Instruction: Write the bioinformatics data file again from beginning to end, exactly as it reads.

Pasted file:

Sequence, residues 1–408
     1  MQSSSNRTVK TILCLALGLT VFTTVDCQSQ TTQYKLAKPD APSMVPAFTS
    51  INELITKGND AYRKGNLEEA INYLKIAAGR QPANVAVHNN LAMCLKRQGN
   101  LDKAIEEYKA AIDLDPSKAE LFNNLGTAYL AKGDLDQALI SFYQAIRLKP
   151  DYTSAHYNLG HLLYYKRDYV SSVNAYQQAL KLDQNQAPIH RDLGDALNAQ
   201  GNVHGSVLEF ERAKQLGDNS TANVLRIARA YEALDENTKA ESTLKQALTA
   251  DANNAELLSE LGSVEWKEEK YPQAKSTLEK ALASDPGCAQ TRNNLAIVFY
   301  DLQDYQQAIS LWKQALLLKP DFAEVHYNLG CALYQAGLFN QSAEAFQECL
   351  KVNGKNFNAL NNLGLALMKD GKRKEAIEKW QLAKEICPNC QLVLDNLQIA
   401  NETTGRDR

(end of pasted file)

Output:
Sequence, residues 1–408
     1  MQSSSNRTVK TILCLALGLT VFTTVDCQSQ TTQYKLAKPD APSMVPAFTS
    51  INELITKGND AYRKGNLEEA INYLKIAAGR QPANVAVHNN LAMCLKRQGN
   101  LDKAIEEYKA AIDLDPSKAE LFNNLGTAYL AKGDLDQALI SFYQAIRLKP
   151  DYTSAHYNLG HLLYYKRDYV SSVNAYQQAL KLDQNQAPIH RDLGDALNAQ
   201  GNVHGSVLEF ERAKQLGDNS TANVLRIARA YEALDENTKA ESTLKQALTA
   251  DANNAELLSE LGSVEWKEEK YPQAKSTLEK ALASDPGCAQ TRNNLAIVFY
   301  DLQDYQQAIS LWKQALLLKP DFAEVHYNLG CALYQAGLFN QSAEAFQECL
   351  KVNGKNFNAL NNLGLALMKD GKRKEAIEKW QLAKEICPNC QLVLDNLQIA
   401  NETTGRDR